In this verse I offer another uncommon translation for the fifth and sixth words, bl,K, ryxim.W, which is and the gain of male prostitution.  The more common translation, and the price of a dog, rests on a more direct derivation based on the belief that in those days dogs were bred for fierceness and were not to be offered for religious purposes in ransom of a soul.  Because the previous verse deals with harlotry and sodomy, I prefer my translation as it provides a close connection between the two verses.  In line with what I have suggested before, it also seems to imply that Moses understood that v. 23:18 would not deter the rebellious Israelites.

In addition, if my translation of this verse is reasonable, it seems to cast doubt on two of the three possible  interpretations of Gene. 19:5.                                                  [Return to Gene. 19:5]

לֹא־תַשִּׁיךְ לְאָחִיךָ נֶשֶׁךְ כֶּסֶף  נֶשֶׁךְ אֹכֶל נֶשֶׁךְ כָּל־דָּבָר אֲשֶׁר יִשָּׁךְ   23:20

Deut. 23:20 “You shall not lend with interest to your kinsman -- interest of money, interest of victuals, interest of any thing that could provide interest.”

לַנָּכְרִי תַשִּׁיךְ וּלְאָחִיךָ לֹא תַשִּׁיךְ לְמַעַן יְבָרֶךְךָ יְהוָה אֱלֹהֶיךָ בְּכֹל מִשְׁלַח יָדֶךָ עַל־הָאָרֶץ אֲשֶׁר־אַתָּה   23:21

בָא־שָׁמָּה לְרִשְׁתָּהּ

Deut. 23:21 “To a foreigner you may lend with interest, but to your brother you must not lend with interest, so that the Lord, your God, may bless you in every undertaking of your hand on the land where you will be going to possess  it.”

כִּי־תִדֹּר נֶדֶר לַיהוָה אֱלֹהֶיךָ לֹא תְאַחֵר לְשַׁלְּמֹו כִּי־דָּרֹשׁ יִדְרְשֶׁנּוּ יְהוָה אֱלֹהֶיךָ מֵעִמָּךְ וְהָיָה בְךָ   23:22

חֵטְא

Deut. 23:22 “When you will make a vow to the Lord, your God, you shall not delay to make it good – for the Lord, your God, shall surely seek it from you – and it would be a sin on you.”

וְכִי תֶחְדַּל לִנְדֹּר לֹא־יִהְיֶה בְךָ חֵטְא   23:23

Deut. 23:23 “But if you would avoid vowing, it shall not be a sin on you.”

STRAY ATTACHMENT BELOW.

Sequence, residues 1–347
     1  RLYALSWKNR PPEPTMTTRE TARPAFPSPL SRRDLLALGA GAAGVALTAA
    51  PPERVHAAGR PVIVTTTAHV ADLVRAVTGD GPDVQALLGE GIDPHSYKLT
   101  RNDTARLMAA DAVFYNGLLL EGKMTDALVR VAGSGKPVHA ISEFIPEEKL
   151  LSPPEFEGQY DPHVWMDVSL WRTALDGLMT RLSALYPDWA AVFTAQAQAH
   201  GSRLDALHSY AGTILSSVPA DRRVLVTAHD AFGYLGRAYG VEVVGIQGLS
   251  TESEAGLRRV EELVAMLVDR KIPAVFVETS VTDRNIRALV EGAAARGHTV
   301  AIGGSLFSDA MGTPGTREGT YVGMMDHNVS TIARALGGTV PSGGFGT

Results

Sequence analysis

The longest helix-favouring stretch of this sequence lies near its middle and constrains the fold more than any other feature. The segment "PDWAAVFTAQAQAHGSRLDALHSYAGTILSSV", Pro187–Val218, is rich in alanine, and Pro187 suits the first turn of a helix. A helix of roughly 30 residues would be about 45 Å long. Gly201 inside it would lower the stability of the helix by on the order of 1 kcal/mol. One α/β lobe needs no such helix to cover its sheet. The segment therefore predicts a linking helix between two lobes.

מֹוצָא שְׂפָתֶיךָ תִּשְׁמֹר וְעָשִׂיתָ כַּאֲשֶׁר נָדַרְתָּ לַיהוָה אֱלֹהֶיךָ נְדָבָה אֲשֶׁר דִּבַּרְתָּ בְּפִיךָ   23:24

Deut. 23:24 “You shall guard what goes out of your lips, and you shall do freely as you have vowed to the Lord, your God, what you have promised with your mouth.”

כִּי תָבֹא בְּכֶרֶם רֵעֶךָ וְאָכַלְתָּ  עֲנָבִים כְּנַפְשְׁךָ שָׂבְעֶךָ וְאֶל־כֶּלְיְךָ לֹא תִתֵּן   23:25

Deut. 23:25 “Should you come into the vineyard of your neighbor, then you may eat grapes  according to your personal satisfaction, but you shall not deliver to your vessel.”

כִּי תָבֹא בְּקָמַת רֵעֶךָ וְקָטַפְתָּ מְלִילֹת בְּיָדֶךָ וְחֶרְמֵשׁ לֹא תָנִיף עַל קָמַת רֵעֶךָ   23:26

Deut. 23:26 “Should you come into the standing corn of your neighbor, then you may strip off ears with your hand, but you shall not wield a sickle against the standing corn of your neighbor.”

Torah Commandments in this Chapter

513  A man shall not uncover the skirt of his father.    V. 23:1

514. One with crushed testicles or maimed private parts shall not enter

         into the assembly of the Lord.    V. 23:2

515. A bastard shall not enter into the assembly of the Lord.    V. 23:3

516. Even the tenth generation of a bastard shall not enter into the

        assembly of the Lord.    V. 23:3

517. An Ammonite or a Moabite shall never enter into the assembly of the Lord.    V.  23:4

518. You shall never seek the peace or favor of the Ammonite or Moabite.    V. 23:7

519. You shall not detest an Edomite.    V. 23:8

520. You shall not detest an Egyptian.    V. 23:8

521. The children of the third generation of an Edomite or Egyptian shall

         not be prevented from entering into the assembly of the Lord.    V. 23:9

522. The statutes regarding a man’s night occurrence in camp shall be

         followed.    V. 23:11 - 23:14

523. You shall follow the statutes regarding an escaped servant.    V. 23:16, 23:17

524. There shall be no sodomite from the sons of Israel.    V. 23:18

525  You shall not bring the wage of harlotry or the gain of male

         prostitution in the house of the Lord.    V. 23:19

526. You shall not lend with interest to your kinsman.    V. 23:20

527. You shall not delay making good a vow to the Lord.    V. 23:22

528. You shall do freely what you have promised aloud to the Lord.    V. 23:24

529. You may reasonably eat grapes in your neighbor's vineyard.    V. 23:25

530. You may not take away grapes from your neighbor's vineyard.    V. 23:25

531. You may strip off ears of standing corn from your neighbor's field.    V. 23:26

532. You may not wield a sickle against the standing corn of your

        neighbor's field.    V.  23:26